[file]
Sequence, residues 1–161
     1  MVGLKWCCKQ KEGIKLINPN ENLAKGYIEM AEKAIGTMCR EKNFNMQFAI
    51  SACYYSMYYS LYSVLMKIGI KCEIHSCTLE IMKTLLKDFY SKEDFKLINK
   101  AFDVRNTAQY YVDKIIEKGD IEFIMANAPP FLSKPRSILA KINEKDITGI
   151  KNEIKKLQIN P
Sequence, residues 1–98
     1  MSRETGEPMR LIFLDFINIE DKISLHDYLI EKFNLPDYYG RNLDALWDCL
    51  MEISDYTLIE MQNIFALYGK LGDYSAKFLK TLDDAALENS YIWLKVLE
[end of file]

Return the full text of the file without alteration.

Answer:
Sequence, residues 1–161
     1  MVGLKWCCKQ KEGIKLINPN ENLAKGYIEM AEKAIGTMCR EKNFNMQFAI
    51  SACYYSMYYS LYSVLMKIGI KCEIHSCTLE IMKTLLKDFY SKEDFKLINK
   101  AFDVRNTAQY YVDKIIEKGD IEFIMANAPP FLSKPRSILA KINEKDITGI
   151  KNEIKKLQIN P
Sequence, residues 1–98
     1  MSRETGEPMR LIFLDFINIE DKISLHDYLI EKFNLPDYYG RNLDALWDCL
    51  MEISDYTLIE MQNIFALYGK LGDYSAKFLK TLDDAALENS YIWLKVLE